Elsewhere, I offered the view that “there is no benefit to having power, unless you abuse it; therefore anyone seeking power is suspicious.” Oh, boy, right again.


  1. fusilier says

    a propos of boots:

    Recently, there was a 2:30 am shooting at a White Castle parking lot (24-hour cheapie hamberdler chain for non-Midwesterners), located very near the Rape-of-The-Taxpayer Stadium, in downtown Indianapolis. Two Indiana Appeals Court judges were the victims. They were here attending a judicial conference.

    Of course, the appropriate county sheriff (in full uniform) was interviewed for TV, having rushed up to visit his friends.

    Much handwringing has ensued.

    What nobody cares to mention is that that particular restaurant is three blocks from the stadium, but about 75 feet from The Red Garter, an eminent* and venerable Gentleman’s Show Club. Were they, perhaps, Asking For It?


    James 2:24

    *It used to be directly across Washington St. from the Statehouse, but new investment, you know….

  2. Pierce R. Butler says

    A quick hunt through the linked article leaves the impression that the only Supreme Court references involve state-level SCs.

    No doubt the federal SC deserves its own study, particularly since they seem to operate on some unwritten expectation of personal self-regulation. Obituaries for the unlamented (except for his replacement and the Senatorial shenanigans regarding same) Antonin Scalia note that he died on an complimentary excursion to a multi-thousand-dollar-per-visit hunting club in Texas; a few reports even noted that Scalia enjoyed such anonymously-endowed vacations about twice a month, year after year after year.

  3. Ketil Tveiten says

    As a European, I continue to be impressed at how rotten a system you poor colonials have managed to make for yourselves. It’s almost as if the Motherland(s) should reassert control to put your affairs in order, as you clearly can’t do it yourselves.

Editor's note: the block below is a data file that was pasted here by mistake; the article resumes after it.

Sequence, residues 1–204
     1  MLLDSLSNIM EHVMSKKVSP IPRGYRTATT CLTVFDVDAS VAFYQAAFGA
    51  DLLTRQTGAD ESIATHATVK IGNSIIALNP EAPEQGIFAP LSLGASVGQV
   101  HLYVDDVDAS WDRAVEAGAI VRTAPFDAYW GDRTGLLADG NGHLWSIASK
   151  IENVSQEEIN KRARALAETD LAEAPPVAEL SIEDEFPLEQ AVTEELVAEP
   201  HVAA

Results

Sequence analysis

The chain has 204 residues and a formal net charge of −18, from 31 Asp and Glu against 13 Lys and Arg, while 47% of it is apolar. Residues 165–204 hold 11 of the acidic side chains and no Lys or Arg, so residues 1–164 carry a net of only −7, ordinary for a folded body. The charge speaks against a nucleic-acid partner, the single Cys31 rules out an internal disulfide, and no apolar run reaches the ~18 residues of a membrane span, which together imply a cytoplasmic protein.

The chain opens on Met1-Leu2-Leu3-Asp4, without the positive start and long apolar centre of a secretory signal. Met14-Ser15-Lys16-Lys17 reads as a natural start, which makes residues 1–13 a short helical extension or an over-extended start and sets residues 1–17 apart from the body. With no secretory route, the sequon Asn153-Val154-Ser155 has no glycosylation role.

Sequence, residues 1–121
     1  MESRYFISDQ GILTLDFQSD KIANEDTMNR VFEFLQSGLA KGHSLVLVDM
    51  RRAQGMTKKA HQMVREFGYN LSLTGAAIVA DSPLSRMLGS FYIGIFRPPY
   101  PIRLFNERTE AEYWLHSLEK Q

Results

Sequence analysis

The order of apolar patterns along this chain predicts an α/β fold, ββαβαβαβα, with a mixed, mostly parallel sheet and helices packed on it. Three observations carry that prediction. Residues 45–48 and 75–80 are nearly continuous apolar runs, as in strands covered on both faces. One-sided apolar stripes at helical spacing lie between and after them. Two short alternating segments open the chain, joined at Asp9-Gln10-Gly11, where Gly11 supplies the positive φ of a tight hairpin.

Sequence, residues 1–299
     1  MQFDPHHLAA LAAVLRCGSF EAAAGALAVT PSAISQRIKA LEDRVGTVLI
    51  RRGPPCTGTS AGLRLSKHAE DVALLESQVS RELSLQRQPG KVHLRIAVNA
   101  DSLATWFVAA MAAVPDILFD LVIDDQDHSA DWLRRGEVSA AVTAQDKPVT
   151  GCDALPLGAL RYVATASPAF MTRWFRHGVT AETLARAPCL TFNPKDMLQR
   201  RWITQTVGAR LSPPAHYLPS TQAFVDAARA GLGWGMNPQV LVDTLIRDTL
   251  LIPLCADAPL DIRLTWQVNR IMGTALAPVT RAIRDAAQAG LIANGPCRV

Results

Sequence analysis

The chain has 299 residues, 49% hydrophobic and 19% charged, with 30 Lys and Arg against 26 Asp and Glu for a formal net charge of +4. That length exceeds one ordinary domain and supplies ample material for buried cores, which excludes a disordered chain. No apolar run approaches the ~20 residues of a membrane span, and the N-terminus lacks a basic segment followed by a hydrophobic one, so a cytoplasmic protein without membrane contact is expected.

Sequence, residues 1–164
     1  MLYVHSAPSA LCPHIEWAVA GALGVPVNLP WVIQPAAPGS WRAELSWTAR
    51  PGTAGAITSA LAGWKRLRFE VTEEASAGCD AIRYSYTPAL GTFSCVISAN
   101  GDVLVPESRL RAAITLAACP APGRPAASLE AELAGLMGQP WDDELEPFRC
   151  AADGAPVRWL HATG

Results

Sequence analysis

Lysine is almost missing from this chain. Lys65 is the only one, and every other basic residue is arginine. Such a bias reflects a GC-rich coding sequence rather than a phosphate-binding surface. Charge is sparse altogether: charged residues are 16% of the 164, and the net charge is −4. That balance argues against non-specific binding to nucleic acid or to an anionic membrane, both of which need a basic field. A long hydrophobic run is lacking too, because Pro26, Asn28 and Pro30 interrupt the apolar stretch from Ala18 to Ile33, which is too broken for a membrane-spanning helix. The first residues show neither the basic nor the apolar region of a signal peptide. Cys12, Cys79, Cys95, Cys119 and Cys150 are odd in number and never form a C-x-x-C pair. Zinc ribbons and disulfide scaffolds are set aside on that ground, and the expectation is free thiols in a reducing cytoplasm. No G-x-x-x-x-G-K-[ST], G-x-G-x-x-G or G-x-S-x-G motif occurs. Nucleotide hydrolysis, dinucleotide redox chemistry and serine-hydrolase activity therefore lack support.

4. ridana says

    #3 @Ketil Tveiten:
    Yes, the UK has been setting such a fine example for us lately…

    #4 @avalus:
    Well, it’s either elect them, appoint them, or pull random names out of a hat. Appointments don’t seem to be working all that well, as this blogpost shows. Electing them at least means you can recall them, which happens from time to time, or at least not re-elect them.

  5. brucegee1962 says

    I think that appointing is bad, but electing is worse. With appointments, the main thing you have to watch out for is corruption, but at least that’s something that you can come up with structures to address. But with elections, you have judges making decisions not based on the law, but based on “what will make me popular with the voters in my district.” That’s a lot more pernicious because there isn’t any real way to block it. I’d rather take my chances with appointment, and try to figure out a way for a non-partisan review and appeals board.

  6. EnlightenmentLiberal says

    Follow the money: Make their tax returns and all other financial statements into matters of public record.

    Not sure if it’ll help that much, but there’s an idea.

  7. says

    …or pull random names out of a hat.

    So, let’s do that. In fact, let’s remove all elections and base the entire system on drawing lots.

    It’ll make the system truly representative (statistically speaking), undermine lobbying groups and political parties, and it’ll encourage an educational system where everyone gets a good basic education, because any one of those guys could end up your next president, so you can’t afford to let people be uneducated.
    It’ll will also counteract the tendency for concentration of power, because why would you want to concentrate power in a given position, when you can’t control who’s going to get all that power next?

    Include short term limits and a rule against being re-selected for the same position twice, and I think we’ve got something. I suspect any inefficiencies will be made up for by the reduction in corruption and cronyism.